This summer, the City of West Sacramento amplified and expanded the STEPS program from the previous year. This time, all of the projects and work activities for each department and division were articulated on the LRNG West Sacramento platform. Each of the interns were told if they completed two playlists — one playlist for their department or division and the other playlist for the STEPS program as a whole — they would earn preferential hiring treatment for the Next STEPS fall and spring internship program.
Through the LRNG platform, STEPS interns were motivated not only by the real-world impacts of their projects, but also by working toward personal achievement. Digital badges represented a shareable achievement that unlocked real opportunity: preferential treatment for another job and the possibility of long-term employment. This concept of gamification is nothing new, and it’s widely used in multinational corporations such as Nike, as well as online learning hubs like Khan Academy and Codeacademy.
Just as Pokémon Go — the best-selling mobile game in the United States — taught us that the thrill of digital achievements and competition like capturing Pokémon can make formerly sedentary gamers walk for miles, LRNG West Sacramento was motivating already exemplary young people to aspire to even more. STEPS interns completed their work tasks quicker and more completely and took greater pride in their work, knowing that at the end they would be able to showcase their work products to their peers and future employers.
“What the badges mean to me is more of a concrete evidence that I can bring with me to my next job and they can actually see and not just me saying that I did this, but they can actually see that I did something.” -- Legend Brandenburg, 17, Community Development Department STEPS intern
All 19 STEPS interns completed their assigned playlists in every department and division inside City Hall. Two interns even completed their playlists so thoroughly that two advanced playlists needed to be designed for them. Thirteen of the Summer STEPS interns completed the STEPS Playlist, earning them preferential hiring for the “Next STEPS”, the fall and spring internship program at the city of West Sacramento.
Putting it all into practice
Millennials are often stereotyped as lazy, entitled, and coddled. Too often biases guide hiring practices and lead to uninformed choices, or worse yet, discrimination. There has been a cultural shift at City Hall this year. Our workforce is getting younger.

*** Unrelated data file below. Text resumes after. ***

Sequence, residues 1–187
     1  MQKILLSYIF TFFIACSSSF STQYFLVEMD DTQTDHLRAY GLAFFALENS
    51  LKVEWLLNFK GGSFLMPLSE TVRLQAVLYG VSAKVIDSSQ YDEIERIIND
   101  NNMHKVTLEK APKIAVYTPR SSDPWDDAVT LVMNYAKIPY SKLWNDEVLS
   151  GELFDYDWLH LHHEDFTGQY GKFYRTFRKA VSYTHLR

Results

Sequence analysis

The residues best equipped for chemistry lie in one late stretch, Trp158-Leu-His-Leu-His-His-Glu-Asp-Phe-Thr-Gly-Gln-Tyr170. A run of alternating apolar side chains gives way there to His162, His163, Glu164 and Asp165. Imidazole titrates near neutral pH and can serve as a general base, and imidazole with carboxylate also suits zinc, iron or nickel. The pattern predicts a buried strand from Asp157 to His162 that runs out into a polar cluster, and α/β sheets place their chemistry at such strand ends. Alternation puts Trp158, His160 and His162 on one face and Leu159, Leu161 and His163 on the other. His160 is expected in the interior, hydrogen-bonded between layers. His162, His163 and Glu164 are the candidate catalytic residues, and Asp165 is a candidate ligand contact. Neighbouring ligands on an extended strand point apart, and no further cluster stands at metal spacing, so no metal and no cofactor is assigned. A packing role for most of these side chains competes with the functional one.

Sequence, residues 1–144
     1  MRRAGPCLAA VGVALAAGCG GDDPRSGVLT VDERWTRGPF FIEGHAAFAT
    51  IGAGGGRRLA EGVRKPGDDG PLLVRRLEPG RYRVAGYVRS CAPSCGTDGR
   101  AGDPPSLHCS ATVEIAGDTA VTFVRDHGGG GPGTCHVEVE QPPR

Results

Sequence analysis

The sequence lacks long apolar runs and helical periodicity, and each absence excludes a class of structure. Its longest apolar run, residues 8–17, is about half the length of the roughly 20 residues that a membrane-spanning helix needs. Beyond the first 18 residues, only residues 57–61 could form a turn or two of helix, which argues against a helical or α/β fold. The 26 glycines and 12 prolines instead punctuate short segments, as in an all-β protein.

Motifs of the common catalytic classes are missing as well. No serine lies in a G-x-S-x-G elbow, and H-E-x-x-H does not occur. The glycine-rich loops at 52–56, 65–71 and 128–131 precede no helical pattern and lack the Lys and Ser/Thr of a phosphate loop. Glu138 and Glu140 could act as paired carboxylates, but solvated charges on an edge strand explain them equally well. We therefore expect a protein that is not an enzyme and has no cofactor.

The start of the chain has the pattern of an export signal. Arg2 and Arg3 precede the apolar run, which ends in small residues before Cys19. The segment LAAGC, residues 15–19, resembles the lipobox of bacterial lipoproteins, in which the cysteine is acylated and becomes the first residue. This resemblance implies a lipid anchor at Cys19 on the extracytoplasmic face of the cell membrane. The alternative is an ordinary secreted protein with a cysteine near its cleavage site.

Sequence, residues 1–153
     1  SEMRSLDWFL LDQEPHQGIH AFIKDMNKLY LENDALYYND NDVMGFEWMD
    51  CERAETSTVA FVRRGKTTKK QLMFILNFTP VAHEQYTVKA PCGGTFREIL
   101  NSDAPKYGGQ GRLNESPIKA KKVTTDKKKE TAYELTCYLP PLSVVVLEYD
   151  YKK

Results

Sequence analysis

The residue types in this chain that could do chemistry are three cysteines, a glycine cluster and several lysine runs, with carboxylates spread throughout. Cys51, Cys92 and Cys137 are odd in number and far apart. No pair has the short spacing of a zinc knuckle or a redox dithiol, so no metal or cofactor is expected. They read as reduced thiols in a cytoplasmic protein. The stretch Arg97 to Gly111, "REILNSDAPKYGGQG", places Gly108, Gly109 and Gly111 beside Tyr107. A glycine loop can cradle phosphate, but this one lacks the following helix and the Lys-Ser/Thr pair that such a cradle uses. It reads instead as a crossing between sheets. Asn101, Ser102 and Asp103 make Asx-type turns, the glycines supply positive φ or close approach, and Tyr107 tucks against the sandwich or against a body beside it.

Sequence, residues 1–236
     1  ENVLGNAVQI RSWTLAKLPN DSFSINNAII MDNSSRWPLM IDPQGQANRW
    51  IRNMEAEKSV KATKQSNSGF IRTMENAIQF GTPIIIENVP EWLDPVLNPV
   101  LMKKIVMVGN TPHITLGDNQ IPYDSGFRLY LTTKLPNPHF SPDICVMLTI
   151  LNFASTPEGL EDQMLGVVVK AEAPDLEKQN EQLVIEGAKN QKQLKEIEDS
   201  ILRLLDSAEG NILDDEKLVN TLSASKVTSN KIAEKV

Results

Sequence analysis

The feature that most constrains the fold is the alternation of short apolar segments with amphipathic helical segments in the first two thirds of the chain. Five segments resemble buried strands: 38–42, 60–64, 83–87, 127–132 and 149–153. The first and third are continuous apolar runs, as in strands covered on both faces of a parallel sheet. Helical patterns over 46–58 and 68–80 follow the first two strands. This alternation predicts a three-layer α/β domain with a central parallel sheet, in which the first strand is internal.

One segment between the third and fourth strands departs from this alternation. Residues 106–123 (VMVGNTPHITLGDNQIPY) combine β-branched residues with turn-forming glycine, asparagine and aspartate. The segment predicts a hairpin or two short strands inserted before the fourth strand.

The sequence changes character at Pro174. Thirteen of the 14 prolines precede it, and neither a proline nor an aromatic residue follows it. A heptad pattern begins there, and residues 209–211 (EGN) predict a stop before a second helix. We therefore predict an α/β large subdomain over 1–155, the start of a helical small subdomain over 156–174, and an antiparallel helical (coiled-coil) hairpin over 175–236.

All departments and divisions, not just human resources, understand the value of interns. Where we would have hired an older, more seasoned professional, City Hall now considers if a paid internship will work instead. Since bringing on the current group of Next STEPS interns, we have hired two additional interns — not as part of the STEPS program, but because of it. The City has a new graphics design intern who creates branding for all City departments and a new community relations intern working on social media analytics.
I’ll leave you with Danny, a 19-year-old who after his experience at City Hall in the Economic Development and Housing Department decided to run in the November election for an open seat on the school board. In his own words, “Going into this internship, I didn’t know that I was actually going to file for school board, but during these strides towards entering public service I got to see more about how the City works, and I got inspired about what can I do to help my community and better it.”
Challenge yourself to look at training and hiring millennials for government differently. See them not as pretentious kids who act like they know more than you, but as aspiring change makers in need of mentors. Don’t see them as liabilities that depend on social media and technology to express themselves, but as tech-savvy creatives who are eager to collaborate. We have so much in common with every generation that precedes us.
Let’s build a better government. For citizens of all ages, by citizens of all ages.
Leave your comment below, or reply to others.
Read more from the Meeting of the Minds Blog
Spotlighting innovations in urban sustainability and connected technology
The key to the Access Pass success was to make sure from the beginning that it was as easy to sign up for as possible. Eligible residents only need to input their Access Pass number into Indego’s website to make use of the discounted option. While BTS figured out the technical side of setting up the Access Pass, the Coalition has been vital to getting the word out about this alternative, and encouraging individuals to enroll.
Progress needs to be made in the evaluation of approaches to developing resilient communities. The evidence base for the effectiveness of these approaches is currently lagging behind practice. Funding for evaluation is generally too short-term to offer scope for capturing the developmental nature of community resilience related activity and evaluations on wider outcomes are lacking.
Disaster resilience is frequently pursued separately by the public and private sectors in the US. Federal, state, and local governments take it as their role to execute disaster preparedness and emergency response for their populations; however, economic recovery is often not addressed. The public sector does not necessarily engage businesses, nor does it seem to plan for the economic “reboot” required after a disaster, resulting in business disruption continuing for much longer.